Discolorationdarkening

a. General. Examine the product for discoloration/darkening.

b. Sources of Discoloration. Discoloration/darkening may be due to hydrolysis reactions, surface evaporation, or microbial spoilage.

c. Other Sources. The inspector may find other deteriorative conditions such as dehydration or microbial spoilage in determining discoloration in meat and meat products.

d. Surface Discolorations. The following surface discolorations may be observed in meat and meat products.

(1) Browning. A brownish discoloration on the cut or outside surface of ham or sausage is often associated with dehydration. The cured meat pigment is chemically altered to metmyoglobin under storage conditions. Low humidity, especially at storage temperatures considered to be too high for the product, may result in a rather rapid browning of cured meat products. A packaging film which is less permeable to water and oxygen will retard the onset of this type of discoloration. Browning of the lean areas of bacon is commonly observed. In addition to dehydration, the discoloration is sometimes traced to the presence of excessive nitrite. A high nitrite content will tend to oxidize the pigment in the cut lean surfaces to metmyoglobin.

(2) Fading due to undercure. Fading may be an indication of insufficient nitrite in the cure. Consequently, a low residual nitrite level will result in a weak cured color. This type of discoloration is often observed on the cut surfaces of hams or in such products as frankfurters. Under such conditions, the interior color is pale pink, which tends to fade rapidly upon exposure to oxygen.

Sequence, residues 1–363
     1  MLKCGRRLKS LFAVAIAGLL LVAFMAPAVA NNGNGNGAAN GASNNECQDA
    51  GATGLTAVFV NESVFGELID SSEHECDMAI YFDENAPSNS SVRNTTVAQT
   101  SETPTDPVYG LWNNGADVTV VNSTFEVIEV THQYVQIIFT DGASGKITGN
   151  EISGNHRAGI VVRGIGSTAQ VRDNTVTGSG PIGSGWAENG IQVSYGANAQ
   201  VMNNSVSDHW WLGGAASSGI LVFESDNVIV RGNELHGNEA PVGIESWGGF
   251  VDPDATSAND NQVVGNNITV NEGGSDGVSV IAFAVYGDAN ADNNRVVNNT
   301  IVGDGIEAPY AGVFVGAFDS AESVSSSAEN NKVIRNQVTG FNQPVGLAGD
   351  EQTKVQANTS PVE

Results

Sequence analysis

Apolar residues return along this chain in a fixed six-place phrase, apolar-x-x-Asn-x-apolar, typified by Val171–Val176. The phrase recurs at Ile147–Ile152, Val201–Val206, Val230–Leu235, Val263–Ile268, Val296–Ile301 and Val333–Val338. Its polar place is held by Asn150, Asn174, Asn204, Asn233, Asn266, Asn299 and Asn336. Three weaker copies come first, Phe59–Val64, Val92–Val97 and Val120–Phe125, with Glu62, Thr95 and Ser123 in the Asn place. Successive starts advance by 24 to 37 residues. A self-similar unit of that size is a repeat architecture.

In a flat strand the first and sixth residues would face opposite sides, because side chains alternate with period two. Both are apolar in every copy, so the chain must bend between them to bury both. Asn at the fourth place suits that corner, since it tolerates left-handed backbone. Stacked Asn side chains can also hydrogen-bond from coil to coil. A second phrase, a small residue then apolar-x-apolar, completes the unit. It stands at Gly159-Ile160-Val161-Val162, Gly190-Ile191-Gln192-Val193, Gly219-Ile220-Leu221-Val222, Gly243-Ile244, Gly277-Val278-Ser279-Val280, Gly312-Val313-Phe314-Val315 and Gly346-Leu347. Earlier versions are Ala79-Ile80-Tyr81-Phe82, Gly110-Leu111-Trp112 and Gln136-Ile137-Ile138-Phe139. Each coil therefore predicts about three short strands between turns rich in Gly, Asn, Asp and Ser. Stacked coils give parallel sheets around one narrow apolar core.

(3) Greening due to overcure. Nitrite burn, which is due to an excess of nitrite in the cure, is often observed in acid-cured meat products such as the fermented sausages and pickled pigs' feet. In fermented sausages, it may arise from excessive nitrite reduction by bacteria during the fermentation process. Nitrite burn in pickled pigs' feet usually produces a browning of the muscle tissues and an undesirable greening of the skin and other collagenous tissues. Even the vinegar pickle may acquire a greenish tint.

(4) Fading from rancid fats. Fats with a high organic peroxide content are sometimes incorporated into sausages. This may result in instability of the surface color. Such fats may also impair the flavor of the product. Attempts to store frankfurters for prolonged periods of time in the frozen state often result in rancidity development and surface fading.

(5) Chemical fading. Although the cured meat pigment is heat stable, it is very susceptible to oxidation. Any oxidizing chemical applied to the cured meat surface may result in a discoloration. For example, very dilute solutions of hydrogen peroxide will cause a fading or greening of the cured meat surface. Overzealous use of hypochlorites as sanitizing agents can result in difficulties if any of the chemical reaches the surface of cured meats.

(6) Bacterial greening. Surface discoloration of sausages and other cured meats caused by bacteria is common.